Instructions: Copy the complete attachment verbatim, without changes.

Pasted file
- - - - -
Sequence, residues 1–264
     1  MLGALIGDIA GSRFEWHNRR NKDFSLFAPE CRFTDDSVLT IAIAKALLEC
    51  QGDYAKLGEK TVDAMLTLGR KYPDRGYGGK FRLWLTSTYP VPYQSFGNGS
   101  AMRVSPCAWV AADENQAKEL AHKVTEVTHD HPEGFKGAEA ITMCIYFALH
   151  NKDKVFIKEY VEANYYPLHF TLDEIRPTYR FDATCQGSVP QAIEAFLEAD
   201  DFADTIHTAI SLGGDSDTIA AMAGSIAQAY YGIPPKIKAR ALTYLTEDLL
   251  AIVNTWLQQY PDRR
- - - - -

Sequence, residues 1–264
     1  MLGALIGDIA GSRFEWHNRR NKDFSLFAPE CRFTDDSVLT IAIAKALLEC
    51  QGDYAKLGEK TVDAMLTLGR KYPDRGYGGK FRLWLTSTYP VPYQSFGNGS
   101  AMRVSPCAWV AADENQAKEL AHKVTEVTHD HPEGFKGAEA ITMCIYFALH
   151  NKDKVFIKEY VEANYYPLHF TLDEIRPTYR FDATCQGSVP QAIEAFLEAD
   201  DFADTIHTAI SLGGDSDTIA AMAGSIAQAY YGIPPKIKAR ALTYLTEDLL
   251  AIVNTWLQQY PDRR